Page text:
As indicated by a New York Times article, based on Nielsen statistics, Fox appears to have a mostly aged demographic;[56] in 2008, in the 25–54 age group, Fox News had an average of 557,000 viewers, but dropped to 379,000 in 2013 while increasing its overall audience from 1.89 million in 2010 to 2.02 million in 2013. The median age of a prime-time viewer was 68 as of 2015.[57]


Fox News Channel originally used the slogan "Fair and Balanced", which was coined by network co-founder Roger Ailes while the network was being established. The New York Times described the slogan as being both a "blunt signal that Fox News planned to counteract what Mr. Ailes and many others viewed as a liberal bias ingrained in television coverage by establishment news networks."[58][59]

In August 2003, Fox sued comedian Al Franken over his use of the slogan as a subtitle for his book, Lies and the Lying Liars Who Tell Them: A Fair and Balanced Look at the Right, which is critical of Fox News Channel.[60] The lawsuit was dropped three days later, after Judge Denny Chin refused its request for an injunction; in his decision, Chin ruled the case was "wholly without merit, both factually and legally". He went on to suggest that Fox News' trademark on the phrase "fair and balanced" could be invalid;[61] in December 2003, FNC won a legal battle concerning the slogan, when AlterNet filed a cancellation petition with the United States Patent and Trademark Office (USPTO) to have FNC's trademark rescinded as inaccurate. AlterNet included the documentary film Outfoxed as supporting evidence in its case,[62] after losing early motions, AlterNet withdrew its petition; the USPTO dismissed the case.[63] In 2008, FNC used the slogan "We Report, You Decide", referring to "You Decide 2008" (FNC's original slogan for its coverage of election issues).

In August 2016, Fox News Channel began to quietly phase out the "Fair and Balanced" slogan in favor of "Most Watched, Most Trusted"; when these changes were reported in June 2017 by Gabriel Sherman (a writer who had written a biography on Ailes), a network executive stated that the change "has nothing to do with programming or editorial decisions." It was speculated by media outlets that Fox News Channel was wishing to distance itself from Ailes' tenure at the network.[58][64][59]



Fox News Channel has been widely criticized for biased reporting in favor of conservative political positions[65][66][6] and the Republican Party.[7] A 2008 study found that Fox News gave disproportionate attention to polls that showed low approval for President Bill Clinton.[67] A 2009 study found that Fox News was less likely to pick up stories that reflected well on Democrats, and more likely to pick up stories that reflected well on Republicans.[68] A 2010 study comparing Fox News Channel's Special Report With Brit Hume and NBC's Nightly News coverage of the wars in Iraq and Afghanistan during 2005 concluded that "Fox News was much more sympathetic to the administration than NBC", suggesting that "if scholars continue to find evidence of a partisan or ideological bias at FNC... they should consider Fox as alternative, rather than mainstream, media".[69]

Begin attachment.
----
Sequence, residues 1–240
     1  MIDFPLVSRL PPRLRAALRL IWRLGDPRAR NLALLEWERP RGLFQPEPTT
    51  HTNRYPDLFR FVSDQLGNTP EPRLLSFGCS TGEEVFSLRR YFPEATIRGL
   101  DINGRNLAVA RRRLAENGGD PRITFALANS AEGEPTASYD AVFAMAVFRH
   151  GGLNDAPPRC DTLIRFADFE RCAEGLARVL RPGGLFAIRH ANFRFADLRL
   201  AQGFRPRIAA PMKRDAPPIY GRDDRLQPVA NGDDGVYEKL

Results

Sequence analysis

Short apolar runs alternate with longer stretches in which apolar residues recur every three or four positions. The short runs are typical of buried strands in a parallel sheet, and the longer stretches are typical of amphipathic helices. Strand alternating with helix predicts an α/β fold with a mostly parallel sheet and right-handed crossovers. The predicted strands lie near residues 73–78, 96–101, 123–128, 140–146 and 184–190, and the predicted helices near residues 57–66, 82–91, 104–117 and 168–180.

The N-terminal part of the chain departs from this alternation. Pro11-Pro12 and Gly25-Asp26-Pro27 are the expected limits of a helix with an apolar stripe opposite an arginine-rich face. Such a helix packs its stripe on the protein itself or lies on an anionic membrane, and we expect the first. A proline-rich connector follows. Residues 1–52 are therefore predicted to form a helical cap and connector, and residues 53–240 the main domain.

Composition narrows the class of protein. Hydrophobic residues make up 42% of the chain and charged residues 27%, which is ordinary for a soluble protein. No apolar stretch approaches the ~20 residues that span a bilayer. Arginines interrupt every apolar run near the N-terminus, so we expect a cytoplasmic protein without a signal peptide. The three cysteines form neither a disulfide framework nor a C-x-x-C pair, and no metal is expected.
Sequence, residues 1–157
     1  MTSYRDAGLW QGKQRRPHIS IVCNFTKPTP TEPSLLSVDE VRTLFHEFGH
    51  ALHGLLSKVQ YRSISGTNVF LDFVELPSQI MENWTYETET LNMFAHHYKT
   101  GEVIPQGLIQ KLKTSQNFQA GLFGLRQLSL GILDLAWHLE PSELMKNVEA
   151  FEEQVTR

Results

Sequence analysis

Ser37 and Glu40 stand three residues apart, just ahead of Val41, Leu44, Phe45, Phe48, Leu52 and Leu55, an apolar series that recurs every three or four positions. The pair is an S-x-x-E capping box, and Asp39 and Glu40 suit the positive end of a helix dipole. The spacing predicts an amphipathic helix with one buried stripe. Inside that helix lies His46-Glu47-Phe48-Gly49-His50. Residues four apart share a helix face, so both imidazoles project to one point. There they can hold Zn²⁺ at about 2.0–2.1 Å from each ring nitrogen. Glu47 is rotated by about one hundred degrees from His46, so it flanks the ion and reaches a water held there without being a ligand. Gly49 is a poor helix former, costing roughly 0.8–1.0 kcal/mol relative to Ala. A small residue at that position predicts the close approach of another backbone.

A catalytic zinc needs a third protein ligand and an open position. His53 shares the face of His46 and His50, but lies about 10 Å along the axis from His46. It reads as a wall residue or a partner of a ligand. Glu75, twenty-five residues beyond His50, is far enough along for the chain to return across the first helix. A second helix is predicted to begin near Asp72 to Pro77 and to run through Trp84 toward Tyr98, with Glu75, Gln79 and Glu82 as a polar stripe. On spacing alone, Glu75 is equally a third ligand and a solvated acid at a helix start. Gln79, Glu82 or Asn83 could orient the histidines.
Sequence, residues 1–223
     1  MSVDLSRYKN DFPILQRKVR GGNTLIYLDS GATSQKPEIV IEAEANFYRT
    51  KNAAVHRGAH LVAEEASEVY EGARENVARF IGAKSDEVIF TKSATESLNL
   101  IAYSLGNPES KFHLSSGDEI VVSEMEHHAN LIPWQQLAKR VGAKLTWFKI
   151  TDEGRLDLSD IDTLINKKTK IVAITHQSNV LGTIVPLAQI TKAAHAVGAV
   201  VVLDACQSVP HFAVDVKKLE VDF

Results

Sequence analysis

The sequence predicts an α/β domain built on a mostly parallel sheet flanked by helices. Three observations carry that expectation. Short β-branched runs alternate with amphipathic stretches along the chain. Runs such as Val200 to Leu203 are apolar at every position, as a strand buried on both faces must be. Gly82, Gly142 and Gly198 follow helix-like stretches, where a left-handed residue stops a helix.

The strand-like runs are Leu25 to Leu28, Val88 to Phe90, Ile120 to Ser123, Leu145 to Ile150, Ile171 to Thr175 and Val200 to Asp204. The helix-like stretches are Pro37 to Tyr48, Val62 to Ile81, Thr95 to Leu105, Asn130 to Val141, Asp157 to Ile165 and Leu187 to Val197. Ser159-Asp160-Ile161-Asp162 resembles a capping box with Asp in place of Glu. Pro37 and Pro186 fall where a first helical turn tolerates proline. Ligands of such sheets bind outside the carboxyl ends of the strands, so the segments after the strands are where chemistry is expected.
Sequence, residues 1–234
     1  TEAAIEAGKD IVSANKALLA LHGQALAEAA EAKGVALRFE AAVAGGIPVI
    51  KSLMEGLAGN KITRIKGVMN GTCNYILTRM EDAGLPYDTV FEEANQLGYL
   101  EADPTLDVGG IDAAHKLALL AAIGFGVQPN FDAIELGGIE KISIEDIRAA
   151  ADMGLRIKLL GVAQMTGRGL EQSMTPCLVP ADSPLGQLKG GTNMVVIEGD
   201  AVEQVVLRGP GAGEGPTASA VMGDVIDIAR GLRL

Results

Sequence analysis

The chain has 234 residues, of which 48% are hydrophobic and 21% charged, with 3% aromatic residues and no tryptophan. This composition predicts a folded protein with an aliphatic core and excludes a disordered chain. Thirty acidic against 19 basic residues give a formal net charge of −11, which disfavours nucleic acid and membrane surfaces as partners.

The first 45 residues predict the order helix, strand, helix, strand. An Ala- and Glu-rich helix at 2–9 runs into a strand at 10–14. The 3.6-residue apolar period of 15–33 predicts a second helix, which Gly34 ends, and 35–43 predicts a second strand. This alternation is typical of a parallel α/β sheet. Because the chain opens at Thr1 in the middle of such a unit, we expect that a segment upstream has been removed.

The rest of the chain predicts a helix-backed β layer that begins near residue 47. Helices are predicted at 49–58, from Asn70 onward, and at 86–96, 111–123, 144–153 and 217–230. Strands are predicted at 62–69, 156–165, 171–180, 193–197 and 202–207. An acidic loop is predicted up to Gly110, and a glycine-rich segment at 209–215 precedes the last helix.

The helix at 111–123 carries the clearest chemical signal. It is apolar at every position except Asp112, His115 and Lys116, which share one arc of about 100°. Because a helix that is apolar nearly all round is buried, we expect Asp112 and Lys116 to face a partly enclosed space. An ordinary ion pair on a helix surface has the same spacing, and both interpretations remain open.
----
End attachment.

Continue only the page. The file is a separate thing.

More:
Research also shows that Fox News increases Republican vote shares and makes Republican politicians more partisan.[9][10][70][71] A 2007 study, using the introduction of Fox News into local markets (1996-2000) as an instrumental variable, found that in the 2000 presidential election "Republicans gained 0.4 to 0.7 percentage points in the towns that broadcast Fox News", suggesting that "Fox News convinced 3 to 28 percent of its viewers to vote Republican, depending on the audience measure".[10] These results were confirmed by a 2015 study.[71] A 2014 study, using the same instrumental variable, found that congressional "representatives become less supportive of President Clinton in districts where Fox News begins broadcasting than similar representatives in similar districts where Fox News was not broadcast."[70] A 2017 study, using channel positions as an instrumental variable, found that "Fox News increases Republican vote shares by 0.3 points among viewers induced into watching 2.5 additional minutes per week by variation in position."[9] Another 2014 paper found that Fox News viewing increased Republican vote shares among voters who identified as Republican or independent.[72]

Fox News publicly denies that it is biased, with Murdoch and Ailes saying have included Murdoch's statement that Fox has "given room to both sides, whereas only one side had it before".[73] Fox News host Chris Wallace has said, "I think we are the counter-weight [to NBC News] ... they have a liberal agenda, and we tell the other side of the story."[74] In 2004, Robert Greenwald's documentary film Outfoxed: Rupert Murdoch's War on Journalism argued that Fox News had a conservative bias and featured clips from Fox News and internal memos from editorial vice president John Moody directing Fox News staff on how to report certain subjects.[75][76]